3 communities celebrate New Year in city
Lakhs of sikhs visited gurudwaras across Mumbai on Tuesday to welcome in Baisakhi, the Sikh New Year, reports Naomi Canton.india Updated: Apr 15, 2009 01:37 IST
Lakhs of sikhs visited gurudwaras across Mumbai on Tuesday to welcome in Baisakhi, the Sikh New Year.
The focus of the day was to mark the 310th anniver-sary of the day Guru Gobind Singh created the Khalsa Order that lays down the five rules an observant Sikh should follow.
Baisakhi also marks the start of the harvesting period in Punjab and across Punjabi villages, energetic performances of Giddha folk dances and Bhangra takes place.
At the Gurudwara Dhan Pothohar in Santa Cruz between 5,000 and 10,000 pilgrims enjoyed the traditional langar of chhola puri, sheera and mattar paneer downstairs while upstairs the Granthi (priest) sang prayers from the Guru Granth Sahib.
Kulwant Singh (70), a businessman, said: “We are requesting to the Guru that we should be healthy, wealthy and wise.”
For housewife Poonam Kaur Sahni (27), it was especially auspicious as her daughter Hannaya was below the age of one. She had brought her daughter to the temple to have amrit (holy water) poured on her by the priest.
“I do not carry the sword,” she said. “Only when you are ready to completely surrender yourself to those rules for the rest of your life, only then should you do it,” she said.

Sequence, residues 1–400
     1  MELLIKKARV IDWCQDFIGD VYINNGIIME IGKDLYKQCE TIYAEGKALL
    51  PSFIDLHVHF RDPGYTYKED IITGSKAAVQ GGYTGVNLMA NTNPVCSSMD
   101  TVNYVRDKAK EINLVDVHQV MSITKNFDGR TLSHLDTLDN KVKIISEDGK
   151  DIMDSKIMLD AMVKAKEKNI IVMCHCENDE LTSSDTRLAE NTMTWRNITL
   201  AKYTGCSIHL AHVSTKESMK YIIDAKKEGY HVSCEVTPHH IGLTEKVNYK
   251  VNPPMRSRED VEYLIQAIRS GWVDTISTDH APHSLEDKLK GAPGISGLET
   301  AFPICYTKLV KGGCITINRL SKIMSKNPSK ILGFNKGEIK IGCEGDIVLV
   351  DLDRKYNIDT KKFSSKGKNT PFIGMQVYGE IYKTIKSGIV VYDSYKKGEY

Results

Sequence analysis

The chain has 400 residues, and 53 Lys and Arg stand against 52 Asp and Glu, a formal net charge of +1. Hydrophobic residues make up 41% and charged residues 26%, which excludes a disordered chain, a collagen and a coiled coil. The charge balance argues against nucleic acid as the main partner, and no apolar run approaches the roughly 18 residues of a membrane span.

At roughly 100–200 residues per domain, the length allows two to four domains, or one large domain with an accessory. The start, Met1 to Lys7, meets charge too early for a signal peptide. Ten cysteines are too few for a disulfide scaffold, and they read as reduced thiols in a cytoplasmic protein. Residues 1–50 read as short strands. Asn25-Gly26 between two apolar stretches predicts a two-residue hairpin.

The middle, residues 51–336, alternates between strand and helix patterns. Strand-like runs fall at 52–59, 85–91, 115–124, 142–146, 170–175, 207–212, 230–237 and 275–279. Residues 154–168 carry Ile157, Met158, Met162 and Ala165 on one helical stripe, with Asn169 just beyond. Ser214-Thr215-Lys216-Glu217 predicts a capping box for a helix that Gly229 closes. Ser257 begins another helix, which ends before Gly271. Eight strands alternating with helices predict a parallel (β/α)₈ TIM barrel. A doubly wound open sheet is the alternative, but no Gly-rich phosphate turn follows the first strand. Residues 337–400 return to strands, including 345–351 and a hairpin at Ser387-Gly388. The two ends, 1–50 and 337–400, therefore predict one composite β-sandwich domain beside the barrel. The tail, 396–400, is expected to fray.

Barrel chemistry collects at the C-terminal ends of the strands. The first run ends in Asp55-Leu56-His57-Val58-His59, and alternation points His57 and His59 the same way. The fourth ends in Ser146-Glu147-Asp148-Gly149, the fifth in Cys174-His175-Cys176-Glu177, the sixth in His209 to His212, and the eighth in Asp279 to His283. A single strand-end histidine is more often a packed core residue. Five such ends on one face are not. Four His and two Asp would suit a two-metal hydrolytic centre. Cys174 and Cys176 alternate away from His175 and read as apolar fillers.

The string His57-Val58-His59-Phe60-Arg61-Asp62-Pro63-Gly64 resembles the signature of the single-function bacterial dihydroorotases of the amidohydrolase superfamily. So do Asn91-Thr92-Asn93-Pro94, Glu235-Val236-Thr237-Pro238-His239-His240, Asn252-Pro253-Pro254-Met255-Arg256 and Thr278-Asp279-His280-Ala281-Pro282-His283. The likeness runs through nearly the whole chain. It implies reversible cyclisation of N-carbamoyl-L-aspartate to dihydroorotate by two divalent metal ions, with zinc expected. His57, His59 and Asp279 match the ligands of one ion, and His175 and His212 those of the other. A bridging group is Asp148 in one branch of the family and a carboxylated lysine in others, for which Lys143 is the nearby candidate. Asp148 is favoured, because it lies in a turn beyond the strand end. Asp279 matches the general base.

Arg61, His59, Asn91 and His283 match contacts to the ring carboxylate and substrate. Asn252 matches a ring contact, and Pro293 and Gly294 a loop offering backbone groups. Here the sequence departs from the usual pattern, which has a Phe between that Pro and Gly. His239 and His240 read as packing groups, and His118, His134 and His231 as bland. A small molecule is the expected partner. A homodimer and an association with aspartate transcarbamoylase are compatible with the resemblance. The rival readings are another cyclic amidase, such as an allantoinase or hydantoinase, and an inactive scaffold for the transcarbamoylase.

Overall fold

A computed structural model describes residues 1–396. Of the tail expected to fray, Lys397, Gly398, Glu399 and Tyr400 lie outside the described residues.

Jaspreet Kaur Anand (36), a housewife, said she too wore the bangle and did not cut her hair but carrying the dagger involved a lot of restrictions. “I would not be able to wax or shape my eyebrows. But I say my prayers every day. I am a strong believer in God,” she added.
Neeru Singh (53), a yoga teacher from Versova, said she was not a Khalsa follower. “I don’t think I am capable of following all these rules,” she said. “But I am proud of this religion as it is very modern, women are equal and we don’t discriminate against anyone.”
Not all the worshippers were Sikhs. Punjabi Hindu Kamla Kathuria (74) was there with her husband. “We are here to celebrate the founding of the Khalsa Order. Our ancestors were Sikhs,” she said.
Jasmeet Singh Chandhok (35), who runs an automobile business, said: “I think in the downturn people are coming to the temple even more as their businesses are affected.”